Defining Eco-Morphodynamic Requirements for Rehabilitating Eroding Mangrove-Mud Coasts
We present an eco-morphodynamic analysis on causes of erosion along degraded mangrove-mud coasts, and the causes of failure to rehabilitate these coasts. Our analyses are based on studies in Thailand, British Guyana and Suriname, and observations in Indonesia, the Philippines and southern China, where degradation is directly attributed to the erection of fish/shrimp ponds too close to the waterline. Ecological determinants of low success rates of rehabilitation efforts are well explained in literature, and are briefly summarized in this paper. Our analyses show that ongoing erosion of degraded mangrove-mud coasts are also the result of a disturbed balance in fine sediment dynamics, and the subsequent change in mudflat morphology. The initial drivers for this degradation are a decrease in on-shore sediment flux and a local increase in wave height near the fish/shrimp ponds. A positive feed-back loop is initiated by which stable, convex-up cross sectional profiles of mud flats evolve towards unstable, concave-up profiles.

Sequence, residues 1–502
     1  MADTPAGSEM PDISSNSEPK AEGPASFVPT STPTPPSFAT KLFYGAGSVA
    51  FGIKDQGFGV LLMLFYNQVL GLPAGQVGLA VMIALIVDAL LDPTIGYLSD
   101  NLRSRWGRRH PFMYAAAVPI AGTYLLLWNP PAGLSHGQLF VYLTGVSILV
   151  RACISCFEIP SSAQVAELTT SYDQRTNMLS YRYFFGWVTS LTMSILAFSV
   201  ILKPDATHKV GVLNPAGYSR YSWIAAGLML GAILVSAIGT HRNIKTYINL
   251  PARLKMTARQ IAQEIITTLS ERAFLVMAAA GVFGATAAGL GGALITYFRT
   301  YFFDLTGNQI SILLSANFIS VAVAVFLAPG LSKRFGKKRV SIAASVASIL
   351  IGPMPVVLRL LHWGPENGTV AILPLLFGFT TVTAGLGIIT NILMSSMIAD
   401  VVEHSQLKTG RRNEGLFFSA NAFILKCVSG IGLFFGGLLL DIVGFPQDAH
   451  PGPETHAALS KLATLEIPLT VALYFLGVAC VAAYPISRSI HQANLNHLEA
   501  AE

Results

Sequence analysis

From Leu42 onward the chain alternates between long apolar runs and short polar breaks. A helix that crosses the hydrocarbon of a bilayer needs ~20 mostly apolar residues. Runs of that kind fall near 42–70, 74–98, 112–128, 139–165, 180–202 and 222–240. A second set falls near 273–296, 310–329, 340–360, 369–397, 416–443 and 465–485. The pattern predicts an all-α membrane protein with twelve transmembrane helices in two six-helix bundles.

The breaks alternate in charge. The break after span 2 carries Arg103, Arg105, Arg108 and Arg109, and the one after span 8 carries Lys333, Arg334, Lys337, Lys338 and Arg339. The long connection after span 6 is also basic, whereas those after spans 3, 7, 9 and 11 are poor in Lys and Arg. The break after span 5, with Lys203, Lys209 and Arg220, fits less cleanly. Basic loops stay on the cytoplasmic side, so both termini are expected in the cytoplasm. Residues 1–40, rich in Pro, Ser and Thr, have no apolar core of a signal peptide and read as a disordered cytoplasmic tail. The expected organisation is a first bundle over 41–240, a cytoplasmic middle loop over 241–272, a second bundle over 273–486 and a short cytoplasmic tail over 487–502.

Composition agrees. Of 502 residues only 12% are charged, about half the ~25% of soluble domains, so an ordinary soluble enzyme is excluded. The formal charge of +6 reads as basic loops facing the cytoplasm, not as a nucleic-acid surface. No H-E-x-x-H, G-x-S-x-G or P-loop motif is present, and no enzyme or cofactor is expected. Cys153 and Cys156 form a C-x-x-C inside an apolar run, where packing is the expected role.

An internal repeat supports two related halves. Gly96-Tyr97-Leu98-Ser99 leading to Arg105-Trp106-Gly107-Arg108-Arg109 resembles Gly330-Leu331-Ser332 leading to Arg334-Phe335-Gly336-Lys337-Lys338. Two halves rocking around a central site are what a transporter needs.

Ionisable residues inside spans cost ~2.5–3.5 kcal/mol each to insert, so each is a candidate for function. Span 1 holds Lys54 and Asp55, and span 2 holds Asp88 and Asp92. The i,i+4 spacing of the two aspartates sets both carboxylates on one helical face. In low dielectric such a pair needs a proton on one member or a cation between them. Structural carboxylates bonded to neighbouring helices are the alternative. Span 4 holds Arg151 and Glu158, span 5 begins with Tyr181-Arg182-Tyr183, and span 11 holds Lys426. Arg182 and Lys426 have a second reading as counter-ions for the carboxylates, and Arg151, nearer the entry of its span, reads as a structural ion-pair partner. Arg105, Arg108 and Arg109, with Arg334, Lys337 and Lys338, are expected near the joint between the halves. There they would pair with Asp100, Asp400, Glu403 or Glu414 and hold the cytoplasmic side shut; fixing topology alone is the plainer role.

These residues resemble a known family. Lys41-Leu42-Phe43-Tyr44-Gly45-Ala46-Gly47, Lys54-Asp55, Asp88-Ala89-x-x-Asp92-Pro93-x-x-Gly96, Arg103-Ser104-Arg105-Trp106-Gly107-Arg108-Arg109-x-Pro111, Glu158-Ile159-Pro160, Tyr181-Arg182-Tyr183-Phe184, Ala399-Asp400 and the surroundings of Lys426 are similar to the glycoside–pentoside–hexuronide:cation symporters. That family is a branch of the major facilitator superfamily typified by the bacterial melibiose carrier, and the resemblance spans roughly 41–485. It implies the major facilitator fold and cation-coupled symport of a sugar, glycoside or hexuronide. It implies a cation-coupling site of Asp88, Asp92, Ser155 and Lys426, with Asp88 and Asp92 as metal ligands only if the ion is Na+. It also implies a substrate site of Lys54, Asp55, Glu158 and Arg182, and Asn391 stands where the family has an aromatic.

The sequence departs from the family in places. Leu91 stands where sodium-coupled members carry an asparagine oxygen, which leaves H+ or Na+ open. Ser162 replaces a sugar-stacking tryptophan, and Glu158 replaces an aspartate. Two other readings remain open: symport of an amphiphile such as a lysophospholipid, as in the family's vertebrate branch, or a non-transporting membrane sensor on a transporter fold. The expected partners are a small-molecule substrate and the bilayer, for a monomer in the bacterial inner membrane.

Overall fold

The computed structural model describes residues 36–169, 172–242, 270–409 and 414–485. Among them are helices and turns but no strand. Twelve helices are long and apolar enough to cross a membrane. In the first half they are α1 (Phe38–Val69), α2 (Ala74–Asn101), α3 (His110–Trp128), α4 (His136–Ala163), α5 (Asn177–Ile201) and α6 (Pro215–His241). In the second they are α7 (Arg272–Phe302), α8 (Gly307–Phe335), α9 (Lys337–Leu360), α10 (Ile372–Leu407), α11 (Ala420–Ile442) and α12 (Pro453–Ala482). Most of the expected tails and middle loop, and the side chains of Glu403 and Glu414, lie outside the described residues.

This loop is induced by an unfavorable feedback between tide-induced sedimentation and wave-induced erosion, deteriorating habitat conditions for mangrove recruitment. Based on
the current analysis, we present ingredients for a more sustainable use of mangrove-mud coastal systems, and a more successful rehabilitation of eroding mangrove-mud coasts.